New Preventive Care Program? Offer Free Diagnostics to Your Staff

An important goal for many practices is to implement a successful preventive care program. Because of the many benefits of offering preventive care diagnostics for patients, clients, and the practice, it seems like it should be easy to get such a program off the ground. After all, running diagnostic tests that can detect diseases early, while increasing the practice's profits, is a no-brainer.

Unfortunately, getting a new major program running smoothly is not always as easy as you would think. Even after you've nailed down the details of your new preventive care program, you can't skip right to the part where your clients say "yes." You must first convince another important group of people: your staff.

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Lay the Groundwork With Staff Training

If staff don't understand that preventive care diagnostics help you to provide the best care to patients and help your practice grow, then they'll see it as just another talk-track that takes up too much time in the exam room.

That's why staff training is crucial to successfully implement a preventive care program. Educate staff on how often healthy pets have abnormal findings in screening bloodwork. One study analyzed more than 29,000 canine preventive care profiles taken on a routine well visit. The researchers found that 1 in 7 adults, 1 in 5 seniors, and 2 in 5 geriatrics had abnormalities that warranted further investigation. Since these pets didn't have any symptoms of illness, they wouldn't have received the treatment they needed without routine bloodwork.

Get Your Team on Board With Free Tests

Once staff members understand the benefits of preventive care diagnostics, some may still need a little more motivation. Give real-world examples during staff meetings, and discuss specific cases where a pet's quality of life improved once health issues were uncovered by routine bloodwork and then treated.

First-hand experience that affects a staff member's own pet is even more powerful. This is where free diagnostics come in.

Why a Free Test Policy Works

By removing any financial barrier to a staff member's ability to get preventive care screenings for their own pets, you can help them see how important the new protocol is for clients. Offering your team free testing:

  • Makes your staff more familiar with the tests. If one of your assistants has been struggling with explaining tests' value in the exam room, they'll gain confidence educating clients on the details of each test and why it's recommended for a particular species at a given age after they've gone through the process themselves.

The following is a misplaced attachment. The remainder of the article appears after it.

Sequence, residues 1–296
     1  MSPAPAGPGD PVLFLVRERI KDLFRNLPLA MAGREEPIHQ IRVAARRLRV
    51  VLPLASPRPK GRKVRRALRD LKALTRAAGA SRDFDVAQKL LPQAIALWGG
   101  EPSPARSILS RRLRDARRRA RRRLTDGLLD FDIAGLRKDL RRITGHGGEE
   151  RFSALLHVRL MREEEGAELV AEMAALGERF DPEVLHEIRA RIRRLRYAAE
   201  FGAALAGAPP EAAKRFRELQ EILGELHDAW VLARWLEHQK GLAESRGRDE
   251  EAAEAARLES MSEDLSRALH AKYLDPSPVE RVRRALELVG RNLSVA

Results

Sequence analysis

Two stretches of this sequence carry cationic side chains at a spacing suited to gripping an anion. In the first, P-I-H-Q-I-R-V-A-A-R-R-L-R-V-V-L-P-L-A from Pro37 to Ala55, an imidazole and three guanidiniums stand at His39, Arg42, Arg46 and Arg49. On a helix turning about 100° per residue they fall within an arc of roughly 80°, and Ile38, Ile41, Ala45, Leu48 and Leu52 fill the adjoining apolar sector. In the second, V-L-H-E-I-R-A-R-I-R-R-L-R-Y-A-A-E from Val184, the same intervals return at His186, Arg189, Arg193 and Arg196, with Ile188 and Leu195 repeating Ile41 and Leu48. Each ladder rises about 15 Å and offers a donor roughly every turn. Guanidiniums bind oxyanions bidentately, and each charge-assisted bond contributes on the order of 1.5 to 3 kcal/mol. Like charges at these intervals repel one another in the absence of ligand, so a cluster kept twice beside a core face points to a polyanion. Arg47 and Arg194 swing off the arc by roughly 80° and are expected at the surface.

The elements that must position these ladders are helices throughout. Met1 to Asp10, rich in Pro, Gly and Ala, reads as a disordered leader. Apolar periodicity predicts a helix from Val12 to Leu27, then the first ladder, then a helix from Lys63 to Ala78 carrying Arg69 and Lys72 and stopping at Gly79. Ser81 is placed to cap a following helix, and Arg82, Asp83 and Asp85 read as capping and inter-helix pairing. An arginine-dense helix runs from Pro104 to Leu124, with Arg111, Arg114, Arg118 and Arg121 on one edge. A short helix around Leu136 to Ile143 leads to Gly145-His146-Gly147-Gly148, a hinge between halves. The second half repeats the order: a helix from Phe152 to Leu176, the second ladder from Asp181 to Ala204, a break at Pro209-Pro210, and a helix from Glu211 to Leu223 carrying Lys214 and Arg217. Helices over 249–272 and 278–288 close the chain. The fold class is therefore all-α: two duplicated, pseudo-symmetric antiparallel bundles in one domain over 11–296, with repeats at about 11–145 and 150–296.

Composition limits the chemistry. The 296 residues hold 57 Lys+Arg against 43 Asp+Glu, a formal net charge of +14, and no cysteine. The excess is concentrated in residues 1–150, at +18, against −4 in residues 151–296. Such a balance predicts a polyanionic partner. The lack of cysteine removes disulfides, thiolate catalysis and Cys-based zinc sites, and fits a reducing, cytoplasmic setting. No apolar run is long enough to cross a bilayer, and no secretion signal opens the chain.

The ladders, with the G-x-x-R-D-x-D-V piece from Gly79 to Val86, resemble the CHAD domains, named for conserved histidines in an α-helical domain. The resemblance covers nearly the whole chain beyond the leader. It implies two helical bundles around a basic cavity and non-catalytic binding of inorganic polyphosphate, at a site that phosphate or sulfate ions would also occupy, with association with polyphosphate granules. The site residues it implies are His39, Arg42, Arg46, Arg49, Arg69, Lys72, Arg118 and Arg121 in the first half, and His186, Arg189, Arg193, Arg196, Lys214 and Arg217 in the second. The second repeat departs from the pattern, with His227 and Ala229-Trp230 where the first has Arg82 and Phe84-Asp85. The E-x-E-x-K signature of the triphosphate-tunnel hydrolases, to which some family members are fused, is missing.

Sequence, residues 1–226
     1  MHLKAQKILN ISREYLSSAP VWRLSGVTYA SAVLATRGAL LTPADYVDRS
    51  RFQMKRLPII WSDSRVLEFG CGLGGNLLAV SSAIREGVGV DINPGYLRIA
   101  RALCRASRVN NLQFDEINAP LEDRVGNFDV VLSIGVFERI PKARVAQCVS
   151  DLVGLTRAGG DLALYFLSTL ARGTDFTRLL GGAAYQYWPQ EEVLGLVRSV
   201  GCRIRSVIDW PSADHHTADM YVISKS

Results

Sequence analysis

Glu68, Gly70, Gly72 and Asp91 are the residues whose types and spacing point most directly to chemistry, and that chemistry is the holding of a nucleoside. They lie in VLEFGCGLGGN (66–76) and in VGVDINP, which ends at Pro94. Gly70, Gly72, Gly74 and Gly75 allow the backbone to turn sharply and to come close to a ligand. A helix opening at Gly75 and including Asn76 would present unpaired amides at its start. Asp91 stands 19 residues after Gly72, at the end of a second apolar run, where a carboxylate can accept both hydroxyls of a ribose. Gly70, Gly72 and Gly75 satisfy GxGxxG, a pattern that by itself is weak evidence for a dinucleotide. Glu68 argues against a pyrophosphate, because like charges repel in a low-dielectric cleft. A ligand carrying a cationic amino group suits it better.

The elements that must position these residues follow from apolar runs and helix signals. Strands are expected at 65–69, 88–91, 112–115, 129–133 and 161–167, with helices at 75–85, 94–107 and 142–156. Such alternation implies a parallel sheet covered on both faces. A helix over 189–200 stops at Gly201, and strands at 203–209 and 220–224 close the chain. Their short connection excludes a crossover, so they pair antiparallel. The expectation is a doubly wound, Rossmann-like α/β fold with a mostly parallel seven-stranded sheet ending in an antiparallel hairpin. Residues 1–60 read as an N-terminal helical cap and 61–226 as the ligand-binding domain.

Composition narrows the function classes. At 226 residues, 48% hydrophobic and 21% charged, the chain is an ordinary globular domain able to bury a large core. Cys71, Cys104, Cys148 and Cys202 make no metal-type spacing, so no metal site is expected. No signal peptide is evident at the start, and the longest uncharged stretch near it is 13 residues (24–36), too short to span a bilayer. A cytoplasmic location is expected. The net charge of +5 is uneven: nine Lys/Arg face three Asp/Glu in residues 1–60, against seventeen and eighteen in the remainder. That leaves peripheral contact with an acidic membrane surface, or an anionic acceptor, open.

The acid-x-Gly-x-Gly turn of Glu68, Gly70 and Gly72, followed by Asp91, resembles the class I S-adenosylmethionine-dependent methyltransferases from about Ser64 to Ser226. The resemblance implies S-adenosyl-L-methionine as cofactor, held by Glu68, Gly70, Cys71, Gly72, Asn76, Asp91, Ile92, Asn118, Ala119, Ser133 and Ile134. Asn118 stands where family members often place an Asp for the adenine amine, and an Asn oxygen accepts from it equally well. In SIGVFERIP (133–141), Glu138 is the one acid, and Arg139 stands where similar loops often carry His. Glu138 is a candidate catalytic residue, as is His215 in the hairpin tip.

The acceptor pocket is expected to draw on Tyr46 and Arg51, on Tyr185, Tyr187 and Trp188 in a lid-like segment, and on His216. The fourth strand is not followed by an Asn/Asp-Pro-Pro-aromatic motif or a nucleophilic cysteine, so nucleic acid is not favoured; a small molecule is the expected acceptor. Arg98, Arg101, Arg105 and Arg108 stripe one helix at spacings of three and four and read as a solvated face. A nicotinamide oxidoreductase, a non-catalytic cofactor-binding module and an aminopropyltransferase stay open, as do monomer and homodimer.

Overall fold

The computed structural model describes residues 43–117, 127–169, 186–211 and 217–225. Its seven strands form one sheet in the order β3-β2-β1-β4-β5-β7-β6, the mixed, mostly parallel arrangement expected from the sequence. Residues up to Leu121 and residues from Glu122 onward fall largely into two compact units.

• Helps staff understand the importance of testing. Once a staff member's pet has benefited from wellness bloodwork, they will become a champion of recommending it to clients as well. If your technician's cat's kidney disease was diagnosed because of an elevated SDMA found in routine bloodwork, they'll see the value of testing and communicate that to clients.
  • Sends a powerful message about your practice's values. As the practice manager, you can show your team how important you think diagnostics are by removing any financial barriers that keep them from testing their own pets. This also sends a message about how much you value your practice's team.

How to Create a Free Test Policy

Consider creating a policy where each staff member can receive free wellness bloodwork for two or three pets a year. The cost per employee, plus discounts from your reference laboratory, will likely be under $100. While it may seem like another expense for the practice to absorb, it will be money well spent if staff members go on to enthusiastically recommend wellness bloodwork to your clients. Once your staff is on board, not only will your clients and patients benefit, but the small investment in your team will drive downstream revenue that will more than cover the cost.

Who knows? This process may just turn your most reluctant staff member into your biggest preventive care cheerleader.

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Julie Miles

Julie Miles graduated from Ohio State in 2006. Dr. Miles spent two and a half years working in private practice. She then joined Lighthouse Veterinary Personnel Services in 2009, where she worked as a relief veterinarian and manager for five years. In 2014, she opened Compassionate Care Animal Hospital, which has grown into a two doctor practice. Her professional interests include client communications, preventative care, dentistry, and feline medicine. She and her husband, Dale, have two boys, Henry and Evan. In a previous life, she earned her Master's of Social Work and worked in crisis intervention and discharge planning. Some days that degree is more helpful than her DVM.

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